In his spare time, Peter began acquiring his own machinery and constructed by hand a tourbillon pocket watch with twin power trains, which later became known as the “Foundation Watch”– the foundation stone for his future work – and helped him earn coveted membership of the prestigious Académie Horlogère des Créateurs Indépendants (AHCI).
In the “Foundation Watch”, Peter laid down his style and philosophy while establishing his first independent workshop at the beginning of the millennium on the picturesque Lake Geneva between Geneva and Lausanne.
The first wristwatch to leave his workshop at the end of 2003 took its cues from the Foundation Watch. Peter named its distinctive case “The Piccadilly” after the time he spent at Somlo in Piccadilly and the major influence that this period of his career had on his watchmaking outlook.
As an independent, he has collaborated as a watchmaker designer and consultant with many different companies including Harry Winston, MB&F and Maîtres du Temps. Since the beginning of 2008 he has channelled his efforts exclusively into Speake-Marin.
With all Speake-Marin watches there is a tangible link to classical watchmaking but with contemporary unique style and design. Peter Speake-Marin’s timepieces are very much a representation of himself as a watchmaker, reinventing horology in his own way.
There are very few modern watchmakers and brands that have created such an original style, adhered to such an underlying philosophy of constant excellence, beauty and longevity of design and aesthetics, to create timepieces that will endure.
Read our exclusive interview with Peter here
Dr John C Taylor OBE
Dr John C Taylor OBE is a world-renowned inventor and entrepreneur perhaps best known for designing thermostat systems. After 20 years working for the family business Otter Controls, Dr Taylor left to build his own company Strix Ltd which received four Queen’s Awards. He is an eminent horologist, with a renowned collection of early English clocks and Watches.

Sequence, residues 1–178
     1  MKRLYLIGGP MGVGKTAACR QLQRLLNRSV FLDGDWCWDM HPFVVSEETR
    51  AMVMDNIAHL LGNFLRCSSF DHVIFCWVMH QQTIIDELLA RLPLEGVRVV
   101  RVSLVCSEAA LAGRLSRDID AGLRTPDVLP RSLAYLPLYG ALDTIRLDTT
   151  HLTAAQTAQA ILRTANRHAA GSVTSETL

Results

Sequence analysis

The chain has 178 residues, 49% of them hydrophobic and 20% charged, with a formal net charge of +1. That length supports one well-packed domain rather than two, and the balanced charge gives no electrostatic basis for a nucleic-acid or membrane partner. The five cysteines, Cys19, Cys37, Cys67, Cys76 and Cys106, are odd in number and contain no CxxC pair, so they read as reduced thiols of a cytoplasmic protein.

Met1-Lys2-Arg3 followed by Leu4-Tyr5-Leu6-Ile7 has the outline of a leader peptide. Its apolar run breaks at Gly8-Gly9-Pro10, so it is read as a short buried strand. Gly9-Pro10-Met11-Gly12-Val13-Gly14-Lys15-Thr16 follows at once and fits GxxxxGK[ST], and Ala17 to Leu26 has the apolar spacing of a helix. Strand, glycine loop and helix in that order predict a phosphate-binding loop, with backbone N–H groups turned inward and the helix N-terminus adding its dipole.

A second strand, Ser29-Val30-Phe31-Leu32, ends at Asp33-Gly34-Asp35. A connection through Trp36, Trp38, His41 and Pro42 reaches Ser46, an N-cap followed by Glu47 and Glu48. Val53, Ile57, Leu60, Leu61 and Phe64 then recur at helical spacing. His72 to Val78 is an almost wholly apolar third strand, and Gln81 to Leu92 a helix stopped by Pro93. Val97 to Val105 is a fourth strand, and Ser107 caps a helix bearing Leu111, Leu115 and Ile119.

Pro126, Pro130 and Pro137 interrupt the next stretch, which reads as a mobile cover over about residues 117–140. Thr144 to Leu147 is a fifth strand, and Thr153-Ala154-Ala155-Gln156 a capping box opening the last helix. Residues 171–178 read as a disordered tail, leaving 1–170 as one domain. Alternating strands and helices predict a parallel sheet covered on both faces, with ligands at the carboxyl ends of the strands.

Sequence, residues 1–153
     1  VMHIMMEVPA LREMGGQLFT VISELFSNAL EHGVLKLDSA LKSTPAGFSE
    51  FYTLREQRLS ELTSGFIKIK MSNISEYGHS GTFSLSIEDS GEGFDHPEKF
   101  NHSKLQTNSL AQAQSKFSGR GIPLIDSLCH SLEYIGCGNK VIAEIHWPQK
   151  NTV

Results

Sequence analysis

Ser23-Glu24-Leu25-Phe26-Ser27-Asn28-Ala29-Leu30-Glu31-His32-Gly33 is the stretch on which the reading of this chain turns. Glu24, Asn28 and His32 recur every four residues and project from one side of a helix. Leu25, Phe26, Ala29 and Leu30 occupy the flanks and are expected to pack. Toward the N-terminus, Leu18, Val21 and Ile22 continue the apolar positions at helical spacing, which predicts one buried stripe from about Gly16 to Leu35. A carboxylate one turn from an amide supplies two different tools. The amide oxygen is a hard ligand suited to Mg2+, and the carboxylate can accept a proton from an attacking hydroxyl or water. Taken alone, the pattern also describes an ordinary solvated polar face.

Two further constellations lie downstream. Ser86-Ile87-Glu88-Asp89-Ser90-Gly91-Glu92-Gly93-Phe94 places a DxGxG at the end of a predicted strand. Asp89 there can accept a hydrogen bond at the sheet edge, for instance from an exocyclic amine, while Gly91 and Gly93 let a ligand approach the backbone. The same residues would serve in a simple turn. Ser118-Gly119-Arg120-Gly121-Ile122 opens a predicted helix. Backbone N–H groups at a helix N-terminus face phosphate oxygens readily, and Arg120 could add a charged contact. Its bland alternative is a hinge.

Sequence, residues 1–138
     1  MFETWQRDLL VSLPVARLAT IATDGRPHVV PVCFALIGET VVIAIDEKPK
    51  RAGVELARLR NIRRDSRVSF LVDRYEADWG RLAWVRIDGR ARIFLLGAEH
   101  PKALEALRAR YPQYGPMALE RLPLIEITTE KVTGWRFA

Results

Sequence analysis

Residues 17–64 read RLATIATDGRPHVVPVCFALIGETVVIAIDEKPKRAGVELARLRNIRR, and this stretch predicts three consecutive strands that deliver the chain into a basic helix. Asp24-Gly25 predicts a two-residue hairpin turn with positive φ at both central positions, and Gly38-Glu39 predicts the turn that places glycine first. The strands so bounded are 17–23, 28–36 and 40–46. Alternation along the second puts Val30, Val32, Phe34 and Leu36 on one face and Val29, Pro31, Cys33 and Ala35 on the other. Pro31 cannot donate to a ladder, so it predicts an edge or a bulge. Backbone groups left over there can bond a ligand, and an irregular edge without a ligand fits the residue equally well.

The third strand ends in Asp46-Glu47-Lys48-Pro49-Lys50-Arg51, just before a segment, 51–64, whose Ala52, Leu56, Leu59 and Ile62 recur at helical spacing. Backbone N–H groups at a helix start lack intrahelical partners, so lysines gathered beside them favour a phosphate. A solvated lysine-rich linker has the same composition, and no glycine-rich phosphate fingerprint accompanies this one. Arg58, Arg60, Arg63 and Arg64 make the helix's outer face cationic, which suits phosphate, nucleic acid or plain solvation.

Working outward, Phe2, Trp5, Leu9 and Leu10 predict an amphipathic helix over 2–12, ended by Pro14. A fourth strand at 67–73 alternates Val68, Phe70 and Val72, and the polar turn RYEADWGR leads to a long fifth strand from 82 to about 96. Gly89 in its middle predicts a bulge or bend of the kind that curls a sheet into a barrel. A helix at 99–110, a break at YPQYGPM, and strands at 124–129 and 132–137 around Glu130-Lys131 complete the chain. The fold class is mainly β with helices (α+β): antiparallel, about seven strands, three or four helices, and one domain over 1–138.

Dr Taylor designed the Chronophage clocks, which have been exhibited in a number of museums. The one on the outer wall of the Taylor Library at Corpus Christi College, Cambridge has become a major tourist attraction.
In 2011, Dr Taylor was made an OBE for services to business and horology.
Read our exclusive Collector’s World series featuring Dr John Taylor here
David Brailsford is an accomplished entrepreneur with 20 years of experience in creating companies that thrive. He is also a renowned luxury timepiece consultant with expertise in locating and sourcing vintage pieces and selling them to select clients worldwide.
For the last few years, he has been providing a successful watch finder service, seeking out rare vintage watches and advising on their investment potential. His watch industry expertise is unparalleled, and he has developed a network of global contacts, including leading journalists, watchmakers and collectors.
His passion for watchmaking has led to founding the British luxury watch brand Garrick.
Garrick builds handcrafted timepieces in their own workshops in Norwich. David says that building an exclusive international watch brand over a period of 18 months is probably his greatest achievement. He’s learnt everything there is to know about engineering, design, PR and watchmaking.
Read our exclusive Collector’s World series featuring David Brailsford here
Paul Maudsley is the International Specialist, Director, Watches Department at Phillips. He has over 17 years of experience of watch auctions having transformed the UK watches auction market and handled over 30,000 watches in his career so far.
A collector of watches from an early age, Paul has developed a love and broad knowledge of horology across all areas of watches and wristwatches. Organising watch auctions in three continents, Paul has been responsible for sourcing some of the finest quality timepieces in the world.
With a well known passion for Rolex Sports watches, he has gained a great knowledge of the many different models and variations produced and has achieved numerous record prices for these at auction.
Read our exclusive Collector’s World series featuring Paul Maudsley here
Dr James Nye
Dr Nye has been involved in clocks since the age of fourteen, when he was put in charge of a Gents master-clock system at his school in Sussex. This sparked an abiding interest in electric timekeeping.
Following graduation from Balliol College, Oxford, James entered a career in finance and the energy sector. Retiring from commerce, he completed a PhD in financial history at King’s College, London, where he holds a visiting fellowship. His thesis included case studies of Victorian and Edwardian electric clock companies.
Throughout his career, James has assembled a wide-ranging collection of electric time artefacts enjoyed by many visiting specialists and enthusiasts over the last twenty-five years. These are now housed at The Clockworks in London, a unique combination of museum, library, workshops and meeting space.